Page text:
The Court of Appeal has followed its recent decision in Dawson-Damer and others v Taylor Wessing LLP by holding that proportionality applies to limit the scope of the efforts that an employer must make in responding to a data subject access request. Interestingly, the Court confirmed that a first search may be considered adequate even if a further and more extensive search would reveal some more personal data.
The Court also gave some useful guidance on when it will exercise its discretion to require an employer to comply with a subject access request. A court will be less inclined to exercise its discretion to order this if there is any abuse of rights by the data subject (for example, where the individual brings the claim merely to put pressure on the employer) or where the real quest is to get hold of documents rather than their personal data.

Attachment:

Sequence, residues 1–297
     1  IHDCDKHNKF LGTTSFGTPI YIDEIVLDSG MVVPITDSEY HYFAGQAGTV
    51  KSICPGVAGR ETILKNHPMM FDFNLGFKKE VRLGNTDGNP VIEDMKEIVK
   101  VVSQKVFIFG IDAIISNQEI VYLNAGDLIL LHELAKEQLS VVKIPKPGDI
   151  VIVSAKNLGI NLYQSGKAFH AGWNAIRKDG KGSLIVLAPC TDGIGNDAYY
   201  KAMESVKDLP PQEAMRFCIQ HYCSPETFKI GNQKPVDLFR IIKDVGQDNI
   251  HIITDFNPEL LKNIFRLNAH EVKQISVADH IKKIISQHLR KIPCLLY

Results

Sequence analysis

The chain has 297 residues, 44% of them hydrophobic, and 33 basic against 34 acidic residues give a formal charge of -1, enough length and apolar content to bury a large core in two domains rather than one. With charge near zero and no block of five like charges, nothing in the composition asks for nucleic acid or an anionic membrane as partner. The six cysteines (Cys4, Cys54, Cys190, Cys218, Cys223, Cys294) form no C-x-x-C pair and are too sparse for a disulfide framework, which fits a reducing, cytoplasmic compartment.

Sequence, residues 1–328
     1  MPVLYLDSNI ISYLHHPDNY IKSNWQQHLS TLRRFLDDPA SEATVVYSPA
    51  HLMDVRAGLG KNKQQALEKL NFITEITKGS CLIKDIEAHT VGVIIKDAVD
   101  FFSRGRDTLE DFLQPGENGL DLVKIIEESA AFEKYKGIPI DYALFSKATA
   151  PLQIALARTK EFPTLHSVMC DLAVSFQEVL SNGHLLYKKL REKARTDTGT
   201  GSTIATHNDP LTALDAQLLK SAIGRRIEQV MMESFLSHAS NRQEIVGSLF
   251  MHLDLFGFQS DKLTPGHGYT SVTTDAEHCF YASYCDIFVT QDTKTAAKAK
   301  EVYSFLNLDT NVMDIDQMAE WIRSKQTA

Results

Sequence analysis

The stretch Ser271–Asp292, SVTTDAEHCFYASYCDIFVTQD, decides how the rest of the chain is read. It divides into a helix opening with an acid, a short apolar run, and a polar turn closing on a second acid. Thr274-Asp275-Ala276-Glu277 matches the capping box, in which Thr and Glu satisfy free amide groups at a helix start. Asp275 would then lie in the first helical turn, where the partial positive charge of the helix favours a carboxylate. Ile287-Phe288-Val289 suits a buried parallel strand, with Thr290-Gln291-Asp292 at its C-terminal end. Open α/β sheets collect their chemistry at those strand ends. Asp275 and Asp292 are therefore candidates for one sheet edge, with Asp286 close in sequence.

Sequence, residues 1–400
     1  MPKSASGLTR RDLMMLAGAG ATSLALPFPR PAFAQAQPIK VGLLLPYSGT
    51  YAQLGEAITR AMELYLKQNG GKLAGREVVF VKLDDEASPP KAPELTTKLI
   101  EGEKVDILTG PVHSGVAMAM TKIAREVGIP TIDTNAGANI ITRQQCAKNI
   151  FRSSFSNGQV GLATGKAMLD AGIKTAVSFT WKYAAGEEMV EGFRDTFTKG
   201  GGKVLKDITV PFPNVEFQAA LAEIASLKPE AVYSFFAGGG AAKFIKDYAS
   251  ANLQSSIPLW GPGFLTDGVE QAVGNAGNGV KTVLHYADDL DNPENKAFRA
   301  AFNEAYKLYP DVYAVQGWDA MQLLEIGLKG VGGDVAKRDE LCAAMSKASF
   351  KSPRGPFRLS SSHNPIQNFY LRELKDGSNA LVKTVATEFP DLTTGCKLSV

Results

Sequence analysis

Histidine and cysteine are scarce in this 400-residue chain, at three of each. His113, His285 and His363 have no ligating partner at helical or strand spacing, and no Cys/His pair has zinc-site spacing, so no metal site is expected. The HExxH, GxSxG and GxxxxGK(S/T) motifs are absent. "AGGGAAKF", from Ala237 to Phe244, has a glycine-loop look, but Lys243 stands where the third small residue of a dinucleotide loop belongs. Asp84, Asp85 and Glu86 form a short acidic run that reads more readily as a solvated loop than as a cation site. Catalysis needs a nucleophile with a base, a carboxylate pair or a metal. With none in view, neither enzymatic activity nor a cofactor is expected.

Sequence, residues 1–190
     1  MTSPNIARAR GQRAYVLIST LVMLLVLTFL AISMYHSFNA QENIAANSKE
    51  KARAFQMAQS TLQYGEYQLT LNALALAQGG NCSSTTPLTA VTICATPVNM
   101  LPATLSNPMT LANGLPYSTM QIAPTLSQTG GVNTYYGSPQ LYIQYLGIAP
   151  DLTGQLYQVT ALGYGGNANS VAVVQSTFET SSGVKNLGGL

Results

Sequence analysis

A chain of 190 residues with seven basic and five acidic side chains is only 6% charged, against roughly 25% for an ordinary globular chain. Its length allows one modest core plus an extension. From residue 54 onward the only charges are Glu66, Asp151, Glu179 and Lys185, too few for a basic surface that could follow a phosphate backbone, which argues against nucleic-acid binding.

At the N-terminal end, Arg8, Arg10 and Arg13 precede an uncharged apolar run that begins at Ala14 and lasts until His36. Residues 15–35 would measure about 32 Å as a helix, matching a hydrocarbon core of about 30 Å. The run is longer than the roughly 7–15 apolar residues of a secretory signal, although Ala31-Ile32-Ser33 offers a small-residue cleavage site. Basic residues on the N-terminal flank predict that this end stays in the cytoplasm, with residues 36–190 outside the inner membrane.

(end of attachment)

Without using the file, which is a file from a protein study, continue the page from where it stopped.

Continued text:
Why this matters? This case reaffirms that proportionality applies to the scope of the search carried out by an employer. However, while employers can take greater comfort when pushing back on the scope of a wide ranging data subject access request, a proportionate search may still require a lot of effort for the employer.